My Gear for the Next Six Months in the Woods
Twenty-nine days till I set out for Georgia.
I have been giving myself weekly gear shakedowns and motivation for my drop box setup
My equipment is ready, except a poncho and some new Chacos (my must-have hiking shoe). I managed to take out at least an extra pound of clothes from my pack, too many unnecessary layers that weigh so much, but in my nature I always think I will be colder than I ever end up being.
I got my tent set up and mastered. I went with an Ozark Trail backpacking tent. It is definitely not an expensive or fancy tent, but it is designed with a lot of ventilation, lightweight, and everything I need in a tent, so Ill keep you updated on how it does throughout the trail.
Next the sleep system, of course.
I started looking at sleeping bags last summer. I was hesitant on what to get because there are so many options, and me being a side sleeper, plus a puppy dog, I didn’t want a mummy bag anymore for sure. I went with a quilt, the Enlightened Equipment Revelation 30 degree. It is a mere 17 ounces and is amazingly warm. It gives me the versatility of rolling around I need and enough space to fit Sugaree underneath (because she always has to sleep under the blankets). If you can fork up the heavy price tag, well worth every penny. For my sleeping pad, I went simple and most commonly used; a Therm-a-Rest ZLite Sol, the short version. It only weighs nine ounces and has an R-value of 2.8; not too shabby for $20. I also got a Therm-a-Rest sit pad to add some cushion on my hips if I need it. Last but not least for sleeping, I got a Nemo Air Pillow. Super simple design and probably takes less than four breaths to fill.
My cooking system is easy and simple to say the least.
I am going to be using the Jetboil Flash. I really enjoy the design of this stove. Everything fits inside the pot and it boils water in 60 seconds. Cannot get much better than that. I haven’t used it a lot yet, just a practice boil or two, but the reviews were nothing short of great. I also am bringing a lightweight insulated cup by Sea to Summit, because I am 100% a coffee addict and I want to cook while sipping. Without my morning cup I am useless and will be screaming of a headache by noon.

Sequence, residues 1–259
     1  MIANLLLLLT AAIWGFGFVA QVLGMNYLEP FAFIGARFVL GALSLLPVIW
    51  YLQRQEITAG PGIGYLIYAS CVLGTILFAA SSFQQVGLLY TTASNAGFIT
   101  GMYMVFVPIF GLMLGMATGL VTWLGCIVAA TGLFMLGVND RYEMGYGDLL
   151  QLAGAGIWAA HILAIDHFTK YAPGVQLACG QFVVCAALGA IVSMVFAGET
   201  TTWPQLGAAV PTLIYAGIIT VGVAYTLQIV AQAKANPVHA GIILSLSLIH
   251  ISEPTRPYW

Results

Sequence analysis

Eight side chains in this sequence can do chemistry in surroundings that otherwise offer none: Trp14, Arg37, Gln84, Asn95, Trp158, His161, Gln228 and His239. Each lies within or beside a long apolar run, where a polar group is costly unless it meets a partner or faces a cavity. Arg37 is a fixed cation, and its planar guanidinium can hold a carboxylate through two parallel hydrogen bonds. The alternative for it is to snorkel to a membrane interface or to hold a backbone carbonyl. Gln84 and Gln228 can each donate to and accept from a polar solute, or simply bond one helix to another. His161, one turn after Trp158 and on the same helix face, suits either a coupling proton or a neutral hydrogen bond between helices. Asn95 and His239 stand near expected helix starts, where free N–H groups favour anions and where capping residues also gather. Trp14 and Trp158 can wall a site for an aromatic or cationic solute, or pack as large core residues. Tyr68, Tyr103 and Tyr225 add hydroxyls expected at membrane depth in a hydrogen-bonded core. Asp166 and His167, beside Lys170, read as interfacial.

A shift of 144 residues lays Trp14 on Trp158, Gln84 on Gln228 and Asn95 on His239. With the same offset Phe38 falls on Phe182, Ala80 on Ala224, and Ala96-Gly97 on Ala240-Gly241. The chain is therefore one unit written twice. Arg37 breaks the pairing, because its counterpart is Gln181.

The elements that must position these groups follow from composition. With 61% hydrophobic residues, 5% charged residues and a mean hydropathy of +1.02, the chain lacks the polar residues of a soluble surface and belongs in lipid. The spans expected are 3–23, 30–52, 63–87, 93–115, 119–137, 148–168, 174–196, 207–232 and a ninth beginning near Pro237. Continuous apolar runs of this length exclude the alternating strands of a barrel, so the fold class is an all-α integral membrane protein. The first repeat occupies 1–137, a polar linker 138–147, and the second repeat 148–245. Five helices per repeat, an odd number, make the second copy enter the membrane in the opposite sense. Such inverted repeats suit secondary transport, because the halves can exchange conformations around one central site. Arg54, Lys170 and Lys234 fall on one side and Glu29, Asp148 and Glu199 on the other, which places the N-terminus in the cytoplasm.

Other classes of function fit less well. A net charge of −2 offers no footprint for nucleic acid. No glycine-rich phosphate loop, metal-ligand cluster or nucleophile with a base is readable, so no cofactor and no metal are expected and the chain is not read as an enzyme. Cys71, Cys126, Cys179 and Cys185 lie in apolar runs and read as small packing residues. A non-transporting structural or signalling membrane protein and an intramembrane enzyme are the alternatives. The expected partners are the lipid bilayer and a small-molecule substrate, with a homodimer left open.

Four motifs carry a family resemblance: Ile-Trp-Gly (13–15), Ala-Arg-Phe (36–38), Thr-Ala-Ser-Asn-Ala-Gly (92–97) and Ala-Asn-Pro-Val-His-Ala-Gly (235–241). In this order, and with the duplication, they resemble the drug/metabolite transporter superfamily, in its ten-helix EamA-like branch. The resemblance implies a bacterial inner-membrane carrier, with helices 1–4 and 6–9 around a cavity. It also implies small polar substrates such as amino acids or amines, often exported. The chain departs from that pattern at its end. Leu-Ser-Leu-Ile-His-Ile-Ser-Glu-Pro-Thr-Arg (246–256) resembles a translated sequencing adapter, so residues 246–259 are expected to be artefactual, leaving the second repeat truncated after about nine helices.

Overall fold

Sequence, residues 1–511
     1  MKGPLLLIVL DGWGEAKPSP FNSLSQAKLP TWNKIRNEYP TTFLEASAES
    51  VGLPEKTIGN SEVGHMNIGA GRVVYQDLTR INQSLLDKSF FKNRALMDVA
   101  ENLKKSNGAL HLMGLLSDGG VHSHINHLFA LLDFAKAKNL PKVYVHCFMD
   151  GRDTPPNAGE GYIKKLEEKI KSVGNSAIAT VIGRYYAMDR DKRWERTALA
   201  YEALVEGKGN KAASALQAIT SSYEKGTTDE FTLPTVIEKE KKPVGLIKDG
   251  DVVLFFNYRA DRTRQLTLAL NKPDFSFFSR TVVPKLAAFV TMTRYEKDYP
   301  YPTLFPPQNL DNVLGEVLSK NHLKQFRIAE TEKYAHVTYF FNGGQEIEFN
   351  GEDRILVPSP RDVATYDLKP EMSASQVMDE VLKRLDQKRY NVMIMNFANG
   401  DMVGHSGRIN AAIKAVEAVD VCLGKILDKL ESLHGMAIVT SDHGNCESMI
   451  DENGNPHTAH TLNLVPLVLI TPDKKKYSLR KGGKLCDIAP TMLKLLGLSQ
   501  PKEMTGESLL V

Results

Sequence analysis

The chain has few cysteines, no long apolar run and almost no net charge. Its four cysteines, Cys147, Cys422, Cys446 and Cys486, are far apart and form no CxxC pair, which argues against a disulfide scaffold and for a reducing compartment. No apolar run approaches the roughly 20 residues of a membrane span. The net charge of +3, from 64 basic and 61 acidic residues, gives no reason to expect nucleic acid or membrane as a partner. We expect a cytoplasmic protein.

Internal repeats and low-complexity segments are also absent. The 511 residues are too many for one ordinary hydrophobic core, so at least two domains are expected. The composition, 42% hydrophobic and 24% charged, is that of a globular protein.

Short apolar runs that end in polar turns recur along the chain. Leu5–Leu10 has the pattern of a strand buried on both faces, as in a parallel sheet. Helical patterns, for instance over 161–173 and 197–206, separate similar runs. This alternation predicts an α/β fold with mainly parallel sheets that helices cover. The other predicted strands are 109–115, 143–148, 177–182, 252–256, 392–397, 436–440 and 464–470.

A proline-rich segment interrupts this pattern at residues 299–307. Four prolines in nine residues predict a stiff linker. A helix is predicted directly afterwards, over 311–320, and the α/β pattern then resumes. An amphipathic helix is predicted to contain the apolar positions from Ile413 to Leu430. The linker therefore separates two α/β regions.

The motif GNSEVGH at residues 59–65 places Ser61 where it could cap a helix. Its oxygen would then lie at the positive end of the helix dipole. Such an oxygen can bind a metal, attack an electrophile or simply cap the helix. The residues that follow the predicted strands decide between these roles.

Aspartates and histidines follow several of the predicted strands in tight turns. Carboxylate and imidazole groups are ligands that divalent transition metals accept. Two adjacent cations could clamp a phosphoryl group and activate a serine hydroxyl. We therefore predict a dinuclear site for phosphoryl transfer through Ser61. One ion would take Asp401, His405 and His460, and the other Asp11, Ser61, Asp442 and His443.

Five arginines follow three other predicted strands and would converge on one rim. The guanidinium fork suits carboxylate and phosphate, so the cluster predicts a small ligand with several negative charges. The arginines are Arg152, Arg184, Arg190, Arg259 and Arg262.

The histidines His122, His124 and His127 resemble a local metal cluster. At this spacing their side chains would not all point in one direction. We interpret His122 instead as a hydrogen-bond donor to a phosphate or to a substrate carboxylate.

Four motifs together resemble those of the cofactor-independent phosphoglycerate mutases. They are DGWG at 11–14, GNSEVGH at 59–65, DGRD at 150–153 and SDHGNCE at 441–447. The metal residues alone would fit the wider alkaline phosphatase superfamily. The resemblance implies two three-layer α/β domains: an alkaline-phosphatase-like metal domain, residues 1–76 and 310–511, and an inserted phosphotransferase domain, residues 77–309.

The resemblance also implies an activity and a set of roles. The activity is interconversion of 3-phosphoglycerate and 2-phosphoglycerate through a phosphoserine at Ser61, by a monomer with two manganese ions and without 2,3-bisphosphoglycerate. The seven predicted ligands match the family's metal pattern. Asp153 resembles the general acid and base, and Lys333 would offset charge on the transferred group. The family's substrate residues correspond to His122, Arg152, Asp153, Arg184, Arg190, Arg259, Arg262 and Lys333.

For everything else, it has been trial and error.
I cant even express my excitement, nervousness, and definitely determination these past weeks and future days. Basically I am a sitting duck now and doing the last few things to keep my life in order while I am gone. I can’t even think about saying goodbye to family and friends; that is always the hardest part for me. Luckily my job let me have the six months off from the greenhouses and offered me to come back when I am done. Could not be more grateful for them.
Well, that is all for now. I will go over my drop boxes in the next post. Thanks for reading.
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PLEASE!! Please please please rethink your tent. Ozark Trail is widely known for sub par tents that aren’t seam sealed, and that’s if they have any kind of waterproofing to think of. The LAST thing that you want is to get a couple of days on trail, only to find out that all your gear is getting wet in the middle of the night because no shelter would have been better off.
That’s good advice on the tent. Totally agree with recommendations. Ditch the Ozark Trail. I have Big Angus but also recommend REI tent.
So happy your finally going to go out and do this. Choosing the right tent for 6 months isn’t easy, but keep in mind REI replaces or fixes all REI brands for free. My brother bought an REI backpack for my backpacking adventures through Europe way back in 2008, and in 2012 a strap and buckle broke. Brought it to a store it wasn’t bought from, and they told me they no longer make that model anymore. BUT they replaced it with a newer model at no charge and no hassle. I didn’t even have a receipt, but they looked it up on the computer. Just an added sense of security if you buy REI brand gear for your adventures.
Another thing you might want to do as tons of people would find interesting is keeping budget log.
What was your initial gear cost? Permit cost? Dog costs? Drop box costs? Travel/Transportation costs? Shower/misc costs? Food costs? And then update it every couple of weeks or whenever with your costs to show others how much it costs to hike the Appalachian Trail. Run it parallel with your progress reports so people can gauge how much each section might cost them.
Dog cost/budget might be a big hit as everyone documents their travels and costs, but dog costs/hurdles/logistics could be a very appealing topic with low competition to allow you to compete as a top contributor for the much larger keyword topic of “hike the Appalachian Trail.
Appalachian Trail cookbook might be another great running topic that wouldn’t take much effort. Couple of photos, ingredients list and a few directions. Who knows maybe you could sell an Appalachian Trail cookbook afterwards.
Tons of different topics you can dive into here. Just have fun though Munchie, and I’ll help you anyway I can.
Enjoy the AT and tell Destiny “Hi”